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SAN DIEGO — Hall of Fame quarterback Bart Starr recently returned from a second round of stem cell treatments in Tijuana, Mexico — an injection that is intended to heal his brain and get him ready to make a triumphant return to Green Bay for a Thanksgiving Day game between the Packers and Chicago Bears.

The treatment was his second trip since June to Tijuana, where he sought experimental medicine to help him recover from two strokes and a heart attack last year. This time the treatment involved neural stem cells that were inserted through his spine.

“It was hard, in the beginning, but once they got it in, he was OK,” his wife Cherry Starr, told USA TODAY Sports. “He’s been great since then. We have to keep him quiet for about a week and not let him do anything to strain a muscle, no heavy exercise, so these things can go where they are supposed to go, which is the brain.”

Bart Starr on track to attend Favre ceremony

Cherry Starr said it’s too early to tell how well the latest treatment might have worked because it’s believed it needs a few weeks to take effect. She said they timed it in part so that he would be in good health to return to Green Bay, where her husband, 81, played from 1956 through 1971. His goal is to walk on the field with former Packers quarterback Brett Favre when Favre’s jersey number is retired at halftime on Thanksgiving.

If he reaches that goal, it would be a huge moment for Starr, who has ridden a roller coaster with his health in the last few months in his home state of Alabama. It also could once again raise the profile of these treatments, which are unapproved in the U.S. To gain approval in the U.S., such stem cells first would have to go through long and expensive clinical trials to prove their safety and effectiveness.

The company that manufactures them, Stemedica Cell Technologies, is based in San Diego and ships the cells to Tijuana for a clinical trial there, where costs are cheaper.

The company declined comment Thursday. Previously, two other famous stroke victims received similar injections of Stemedica’s cells at the same Novastem clinic in Tijuana — former hockey starGordie Howe and former NFL MVPquarterback John Brodie.

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The clinical trial for stroke victims at Novastem has involved two types of Stemedica’s stem cells — mesenchymal cells derived from the bone marrow of a young adult and neural cells derived from the brain tissue of a single fetus that was legally donated and obtained in the U.S.

Such organs generally come from elective or spontaneous abortions and could have been discarded if not donated. Stemedica previously said it is not donor-dependent and only needs one fetus to produce 400,000 treatments.

“I know there’s a lot of controversy about it, but I’m comfortable with it,” Cherry Starr said. “Bart and I lost a first child at 4½ months that we were expecting. If I could have contributed to someone’s health with donating my fetus, I would have gladly done it. It would really make me happy to know I was helping someone.”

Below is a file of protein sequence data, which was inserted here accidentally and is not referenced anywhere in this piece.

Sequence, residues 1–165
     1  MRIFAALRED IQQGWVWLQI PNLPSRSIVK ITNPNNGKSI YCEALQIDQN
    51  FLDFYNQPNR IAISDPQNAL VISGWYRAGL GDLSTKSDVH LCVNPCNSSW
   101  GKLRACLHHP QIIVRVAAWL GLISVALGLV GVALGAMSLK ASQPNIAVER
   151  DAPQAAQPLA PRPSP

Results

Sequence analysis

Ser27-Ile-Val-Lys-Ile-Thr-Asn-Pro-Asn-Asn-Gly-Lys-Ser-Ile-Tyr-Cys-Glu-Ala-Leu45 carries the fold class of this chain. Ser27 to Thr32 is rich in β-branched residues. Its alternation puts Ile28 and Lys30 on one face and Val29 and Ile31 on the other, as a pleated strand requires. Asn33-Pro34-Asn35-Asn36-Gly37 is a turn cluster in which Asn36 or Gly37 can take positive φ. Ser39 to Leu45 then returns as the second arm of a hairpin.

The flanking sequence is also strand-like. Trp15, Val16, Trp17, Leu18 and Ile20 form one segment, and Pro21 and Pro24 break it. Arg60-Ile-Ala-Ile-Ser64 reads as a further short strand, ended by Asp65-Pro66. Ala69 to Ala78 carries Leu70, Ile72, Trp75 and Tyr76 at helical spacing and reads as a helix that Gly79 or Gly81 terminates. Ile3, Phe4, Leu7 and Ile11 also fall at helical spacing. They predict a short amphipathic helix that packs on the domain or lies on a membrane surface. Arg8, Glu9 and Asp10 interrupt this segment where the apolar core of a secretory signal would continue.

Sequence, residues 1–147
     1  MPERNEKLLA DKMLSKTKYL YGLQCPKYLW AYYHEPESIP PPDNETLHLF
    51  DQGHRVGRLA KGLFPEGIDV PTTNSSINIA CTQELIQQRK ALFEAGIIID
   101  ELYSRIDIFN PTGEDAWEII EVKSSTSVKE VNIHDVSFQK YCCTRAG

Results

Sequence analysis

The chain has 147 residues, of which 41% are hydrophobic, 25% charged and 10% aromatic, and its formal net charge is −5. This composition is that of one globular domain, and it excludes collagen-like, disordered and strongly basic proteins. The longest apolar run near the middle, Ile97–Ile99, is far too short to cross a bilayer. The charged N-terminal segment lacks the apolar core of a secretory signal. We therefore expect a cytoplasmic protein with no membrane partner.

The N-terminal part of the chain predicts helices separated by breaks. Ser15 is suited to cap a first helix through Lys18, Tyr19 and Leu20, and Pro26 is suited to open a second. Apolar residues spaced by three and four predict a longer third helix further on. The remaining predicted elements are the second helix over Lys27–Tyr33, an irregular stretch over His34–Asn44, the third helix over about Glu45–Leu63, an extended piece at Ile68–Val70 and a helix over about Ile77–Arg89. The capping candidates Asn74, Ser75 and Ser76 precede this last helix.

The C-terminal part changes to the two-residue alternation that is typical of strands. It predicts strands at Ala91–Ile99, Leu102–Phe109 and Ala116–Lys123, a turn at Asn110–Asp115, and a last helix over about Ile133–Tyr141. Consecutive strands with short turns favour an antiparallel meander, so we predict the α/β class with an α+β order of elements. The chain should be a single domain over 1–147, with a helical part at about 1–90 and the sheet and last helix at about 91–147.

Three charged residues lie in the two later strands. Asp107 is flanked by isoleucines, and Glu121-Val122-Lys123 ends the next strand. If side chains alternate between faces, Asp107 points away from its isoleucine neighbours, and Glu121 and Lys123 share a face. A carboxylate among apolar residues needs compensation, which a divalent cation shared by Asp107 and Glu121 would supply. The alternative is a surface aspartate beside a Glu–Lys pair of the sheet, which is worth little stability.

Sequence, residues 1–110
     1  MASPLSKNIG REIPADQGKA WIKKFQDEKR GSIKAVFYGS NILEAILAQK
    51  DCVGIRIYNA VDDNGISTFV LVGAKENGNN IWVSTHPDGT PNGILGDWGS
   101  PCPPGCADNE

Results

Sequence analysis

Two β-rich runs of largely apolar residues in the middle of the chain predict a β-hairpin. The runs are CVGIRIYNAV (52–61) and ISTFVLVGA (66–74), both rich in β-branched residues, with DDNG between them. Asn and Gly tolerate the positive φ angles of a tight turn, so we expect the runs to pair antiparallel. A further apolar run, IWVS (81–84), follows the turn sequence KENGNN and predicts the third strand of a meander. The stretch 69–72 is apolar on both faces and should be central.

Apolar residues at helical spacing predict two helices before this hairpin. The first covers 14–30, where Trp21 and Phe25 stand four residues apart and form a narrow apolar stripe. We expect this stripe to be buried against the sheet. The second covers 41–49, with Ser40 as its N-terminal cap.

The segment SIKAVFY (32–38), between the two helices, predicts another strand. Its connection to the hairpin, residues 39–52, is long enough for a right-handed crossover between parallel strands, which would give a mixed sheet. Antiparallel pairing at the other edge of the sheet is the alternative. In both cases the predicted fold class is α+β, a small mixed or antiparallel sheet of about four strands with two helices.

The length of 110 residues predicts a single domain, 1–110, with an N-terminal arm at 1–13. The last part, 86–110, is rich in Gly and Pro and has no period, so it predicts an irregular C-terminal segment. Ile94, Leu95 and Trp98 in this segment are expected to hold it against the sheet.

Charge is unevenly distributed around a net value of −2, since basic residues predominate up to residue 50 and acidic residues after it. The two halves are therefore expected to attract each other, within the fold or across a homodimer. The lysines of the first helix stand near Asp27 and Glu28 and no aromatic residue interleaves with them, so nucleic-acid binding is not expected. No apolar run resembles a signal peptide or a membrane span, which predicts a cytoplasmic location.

She noted that he and her husband are signed up to be organ donors. She’s also hopeful that these treatments can help her husband, who barely could walk or feed himself after his strokes last year.

The first treatment in Tijuana in June seemed to help him after a few weeks, though U.S. experts caution against drawing conclusions about causation based on anecdotal evidence.

In general, “there can be healing that can take place over time without any treatment,” said R. Alta Charo, a law professor and bioethics expert at the University of Wisconsin. “The fact that (a patient) got this treatment and then healing doesn’t necessarily mean the treatment caused the healing.”

A legend forged in time, place and family

In July, Cherry Starr said her husband could walk and feed himself and that his cognition had improved dramatically.

But then came a big setback in late summer, when both Cherry and Bart Starr suffered from a respiratory illness that she said was making the rounds in Alabama. His temperature hit 103 degrees, and his heart rate hit 200 beats per minute on the way to hospital, “which is almost a death sentence for a man 81 years old,” Cherry Starr said.

The ordeal threatened the progress he’s made this year, but he’s recovered enough to make another trip to Tijuana, which had been scheduled before his setback.

The trip last week included a special surprise.  Before his treatment in Tijuana, the Starrs had dinner across the border in San Diego with Steve Mariucci, the former NFL head coach.  It was Mariucci’s 60th birthday.

“We just had a nice quiet dinner with Bart,” Cherry Starr said. “It was really, really sweet.”

It might have seemed as if the stars were aligning just right for the Starrs to return to Green Bay. Mariucci, after all, once was Favre’s quarterback coach in Green Bay.

“Bart will be going on the field with Brett,” Cherry Starr said. “We’re really excited about that.”

Follow sports reporter Brent Schrotenboer @Schrotenboer, E-mail: bschrotenb@usatoday.com

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